Forever Changes – Best Album Ever?

I’m more or less an advocate of all things Angeleno, especially when it pertains to 60’s rock bands. And I have a special connection with Love–I was at Arthur Lee’s secret Love show at Spaceland, right when he got out of the joint, and saw him over a dozen times afterwards, including several shows at Spaceland and the Knitting Factory when I had the privilege of spinning some groovy music between bands. And one of my good friends, Justino, even played in the late 80’s incarnation of Love.   So allow me to review an oft-reviewed masterpiece by a band that has only in the past decade gained the recognition it always so richly deserved.
The first thing I think about when it comes to Love is how many of my younger punk rock friends, who spend their time almost exclusively listening to the Buzzcocks, the Jam, Johnny Thunders, and their friends’ hardcore bands, are respectful of Love. It may not be as raw as Sham 69, but they don’t run screaming from the room when the fragile, orchestrated sound comes of “Alone Again Or” comes wafting out of my stereo speakers.

Part of this may be the legend of Love that their elder rock friends (like me!) have spread, on those drunken nights late at the party when we’ve yelled “That’s Love, motherfucker, and you’d better LIKE this shit!” But I think what makes Love still work for the punk rock set, aside from its place in the historical evolution of punk, is that there is something menacing, even hard, set down there amidst the orchestration and syncopation, a snarl of anger down under the flutes and the violins, a middle finger amongst the marigolds.

And that makes sense, because Arthur Lee was the angriest of flower punks in the late sixties L.A. music scene. Typically, Angeleno artists were more cynical than their San Francisco counterparts–Frank Zappa wrote lyrics full of ridicule and sarcasm, and Jim Morrison screamed and ranted on stage like Howling Wolf on acid. But Arthur (and to a greater extent, his writing partner Bryan MacLean) was perhaps more a part of the flower power scene than either of the above, and yet still poignantly aware that this “giant mass deception” was a bubble that would soon pop, a macrame tower surrounded by blood and guns, and this adds a bitterness to the sound and lyrics of Forever Changes. Add to that that his bandmates had largely become junkies, and that he thought we was going to die soon, and I can understand why his mindset would lead him to create an album that haunts you with prettiness, only to fall apart into the horrors of a sixties sound more evocative of the Weathermen and the Manson Family than of Woodstock and Wavy Gravy.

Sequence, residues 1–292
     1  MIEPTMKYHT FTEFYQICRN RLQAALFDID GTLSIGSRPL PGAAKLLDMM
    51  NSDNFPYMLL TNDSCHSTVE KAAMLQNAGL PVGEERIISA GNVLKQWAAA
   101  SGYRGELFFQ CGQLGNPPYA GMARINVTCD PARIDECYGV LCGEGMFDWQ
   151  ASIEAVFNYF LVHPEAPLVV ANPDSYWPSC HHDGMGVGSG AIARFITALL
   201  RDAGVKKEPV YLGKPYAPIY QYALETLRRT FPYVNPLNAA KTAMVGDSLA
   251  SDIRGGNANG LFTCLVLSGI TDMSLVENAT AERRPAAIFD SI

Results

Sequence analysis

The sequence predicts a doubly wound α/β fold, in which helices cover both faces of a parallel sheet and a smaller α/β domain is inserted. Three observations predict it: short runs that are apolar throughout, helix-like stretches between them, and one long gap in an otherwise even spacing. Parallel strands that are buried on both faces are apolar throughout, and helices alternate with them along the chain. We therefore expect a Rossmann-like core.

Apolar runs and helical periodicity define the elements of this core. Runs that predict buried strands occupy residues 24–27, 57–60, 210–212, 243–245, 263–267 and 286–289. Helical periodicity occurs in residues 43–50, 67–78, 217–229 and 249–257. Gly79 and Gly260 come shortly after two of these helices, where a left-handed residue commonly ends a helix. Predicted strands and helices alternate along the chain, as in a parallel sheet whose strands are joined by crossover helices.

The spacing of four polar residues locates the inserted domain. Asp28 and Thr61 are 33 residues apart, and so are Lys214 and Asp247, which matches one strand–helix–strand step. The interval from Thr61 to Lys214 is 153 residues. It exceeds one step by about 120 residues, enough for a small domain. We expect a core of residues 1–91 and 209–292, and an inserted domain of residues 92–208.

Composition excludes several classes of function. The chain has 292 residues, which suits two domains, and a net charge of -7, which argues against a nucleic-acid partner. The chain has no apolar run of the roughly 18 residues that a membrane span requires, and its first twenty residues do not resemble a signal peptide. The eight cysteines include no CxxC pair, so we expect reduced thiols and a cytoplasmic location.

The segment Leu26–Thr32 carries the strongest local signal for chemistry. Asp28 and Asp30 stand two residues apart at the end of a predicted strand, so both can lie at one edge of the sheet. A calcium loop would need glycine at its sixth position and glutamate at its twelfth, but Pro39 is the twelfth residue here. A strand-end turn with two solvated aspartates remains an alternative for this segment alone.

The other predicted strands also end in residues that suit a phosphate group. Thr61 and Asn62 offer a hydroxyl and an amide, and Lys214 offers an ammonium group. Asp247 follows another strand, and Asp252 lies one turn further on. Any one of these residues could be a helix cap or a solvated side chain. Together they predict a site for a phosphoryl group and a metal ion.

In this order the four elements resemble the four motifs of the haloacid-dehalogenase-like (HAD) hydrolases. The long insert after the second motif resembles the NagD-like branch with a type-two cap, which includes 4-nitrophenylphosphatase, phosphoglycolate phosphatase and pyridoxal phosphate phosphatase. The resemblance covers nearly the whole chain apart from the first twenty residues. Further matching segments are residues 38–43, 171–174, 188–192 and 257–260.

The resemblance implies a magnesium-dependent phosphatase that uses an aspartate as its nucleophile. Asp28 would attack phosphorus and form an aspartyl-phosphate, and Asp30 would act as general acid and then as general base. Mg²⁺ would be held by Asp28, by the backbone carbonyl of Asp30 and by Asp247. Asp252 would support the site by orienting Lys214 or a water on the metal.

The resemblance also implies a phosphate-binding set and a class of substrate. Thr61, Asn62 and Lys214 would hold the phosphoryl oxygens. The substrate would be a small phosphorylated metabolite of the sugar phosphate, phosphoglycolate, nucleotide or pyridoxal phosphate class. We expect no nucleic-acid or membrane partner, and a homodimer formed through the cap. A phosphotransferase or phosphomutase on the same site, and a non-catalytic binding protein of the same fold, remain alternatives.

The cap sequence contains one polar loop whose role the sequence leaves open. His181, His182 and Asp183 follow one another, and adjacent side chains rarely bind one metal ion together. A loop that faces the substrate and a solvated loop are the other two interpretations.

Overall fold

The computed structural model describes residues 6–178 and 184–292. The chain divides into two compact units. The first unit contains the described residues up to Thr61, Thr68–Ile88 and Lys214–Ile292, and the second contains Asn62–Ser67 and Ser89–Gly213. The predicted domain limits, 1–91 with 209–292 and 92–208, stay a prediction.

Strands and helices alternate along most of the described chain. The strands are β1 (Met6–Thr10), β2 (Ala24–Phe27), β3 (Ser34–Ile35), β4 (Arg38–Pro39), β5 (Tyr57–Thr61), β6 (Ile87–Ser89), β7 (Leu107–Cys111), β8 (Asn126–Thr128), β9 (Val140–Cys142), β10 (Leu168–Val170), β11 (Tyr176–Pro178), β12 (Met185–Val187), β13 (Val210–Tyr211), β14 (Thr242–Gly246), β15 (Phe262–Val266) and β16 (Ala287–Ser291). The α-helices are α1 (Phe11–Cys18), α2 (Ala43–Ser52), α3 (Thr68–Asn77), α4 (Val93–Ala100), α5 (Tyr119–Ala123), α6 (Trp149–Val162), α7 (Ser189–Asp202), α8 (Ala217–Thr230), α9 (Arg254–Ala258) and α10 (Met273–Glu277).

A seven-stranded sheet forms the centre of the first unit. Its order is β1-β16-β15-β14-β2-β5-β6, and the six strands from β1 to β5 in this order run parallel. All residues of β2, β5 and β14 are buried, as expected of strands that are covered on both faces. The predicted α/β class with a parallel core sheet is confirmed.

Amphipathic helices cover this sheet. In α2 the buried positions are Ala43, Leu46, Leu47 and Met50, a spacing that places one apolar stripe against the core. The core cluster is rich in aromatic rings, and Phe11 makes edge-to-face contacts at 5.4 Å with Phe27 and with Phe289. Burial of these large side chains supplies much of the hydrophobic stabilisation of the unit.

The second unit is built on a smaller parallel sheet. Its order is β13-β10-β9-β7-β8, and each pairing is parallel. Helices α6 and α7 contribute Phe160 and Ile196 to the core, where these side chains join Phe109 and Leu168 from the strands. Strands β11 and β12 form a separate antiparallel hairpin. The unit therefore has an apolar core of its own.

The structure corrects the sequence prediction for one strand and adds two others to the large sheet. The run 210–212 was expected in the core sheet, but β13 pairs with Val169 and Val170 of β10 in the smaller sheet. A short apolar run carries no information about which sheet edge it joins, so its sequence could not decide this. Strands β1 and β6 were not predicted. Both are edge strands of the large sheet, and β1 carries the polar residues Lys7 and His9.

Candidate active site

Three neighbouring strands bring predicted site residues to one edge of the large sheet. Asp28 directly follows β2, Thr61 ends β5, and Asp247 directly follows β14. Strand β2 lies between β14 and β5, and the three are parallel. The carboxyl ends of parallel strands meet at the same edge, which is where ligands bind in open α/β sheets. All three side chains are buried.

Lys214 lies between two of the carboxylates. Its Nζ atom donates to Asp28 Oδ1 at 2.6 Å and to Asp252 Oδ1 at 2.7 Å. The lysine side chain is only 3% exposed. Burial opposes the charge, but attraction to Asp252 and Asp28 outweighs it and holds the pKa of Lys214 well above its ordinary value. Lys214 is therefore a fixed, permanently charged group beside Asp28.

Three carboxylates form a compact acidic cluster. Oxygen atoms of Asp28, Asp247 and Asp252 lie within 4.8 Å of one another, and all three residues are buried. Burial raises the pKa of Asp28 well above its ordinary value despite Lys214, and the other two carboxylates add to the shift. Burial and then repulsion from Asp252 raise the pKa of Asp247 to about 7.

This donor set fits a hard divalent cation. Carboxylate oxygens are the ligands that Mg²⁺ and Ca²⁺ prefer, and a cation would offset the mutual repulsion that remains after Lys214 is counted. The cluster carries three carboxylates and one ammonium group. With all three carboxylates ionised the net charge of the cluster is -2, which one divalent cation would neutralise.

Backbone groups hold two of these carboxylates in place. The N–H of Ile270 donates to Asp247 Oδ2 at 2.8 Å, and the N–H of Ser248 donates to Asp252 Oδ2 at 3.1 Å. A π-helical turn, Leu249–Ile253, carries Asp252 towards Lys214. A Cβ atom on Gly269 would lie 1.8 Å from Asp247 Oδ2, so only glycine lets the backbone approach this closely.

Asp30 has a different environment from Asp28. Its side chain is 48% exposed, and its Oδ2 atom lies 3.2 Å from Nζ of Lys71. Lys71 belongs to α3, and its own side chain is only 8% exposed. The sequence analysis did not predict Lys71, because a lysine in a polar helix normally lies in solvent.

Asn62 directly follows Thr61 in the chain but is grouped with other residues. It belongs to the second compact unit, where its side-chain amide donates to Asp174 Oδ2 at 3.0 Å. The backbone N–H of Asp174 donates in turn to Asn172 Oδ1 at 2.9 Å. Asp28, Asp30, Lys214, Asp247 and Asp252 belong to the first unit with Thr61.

But now I’m just rehashing opinions from countless liner notes, books, and documentaries. I’ve read or watched almost all of them, trying to lock in what it was that allowed Love to rise to such dazzling heights in Forever Changes from a career that previously screamed sweetly more than it soared. I guess what I’ve wanted to learn is what caused Love to push so far into the breach. The album is like a beautiful last gasp, but not a desperate one. “Work of art” is a phrase inadequate to describe it, yet it feels like a conclusion rather than the germ of a new idea, as so many classic albums do.

And perhaps that is why this album is so perfect and complete, because more so than any Doors album, Forever Changes is truly “The End.” It’s an ending to Love’s classic line-up, and it is an album about endings, with a particular focus on individual song endings.  Each song on this album ends subtly, but in an interesting way, wrapping and turning so that the next song in succession starts in the perfect place.  And it was very touching to me that Arthur Lee ended his life with these words on his lips, spending his time touring Europe and the Americas with a line-up that played Forever Changes from start to finish, the words “I want my freedom!” ringing loud and true as all hell.

On a slightly unrelated note, there’s a Love Story documentary floating around that’s a definite must for all Arthur Lee and Love fans.   In one scene, he gets to return to the Castle, Bela Lugosi’s old mansion and the place where Love members spent the years of their second and third albums.  It’s a great literal home-coming and just a taste of how great the documentary was:

orangehairboy

Oklahoman by birth. Angeleno by fate. I've been in half a dozen bands and own 25 cubic feet of old records. Thank God for Ikea shelves.

2 thoughts on “Forever Changes – Best Album Ever?

  1. “That’s Love, motherfucker, and you’d better LIKE this shit!”
    Do you know how many times your whiskey breath has yelled this in my face. I love you.

    Like

  2. Pingback: wavy gravy

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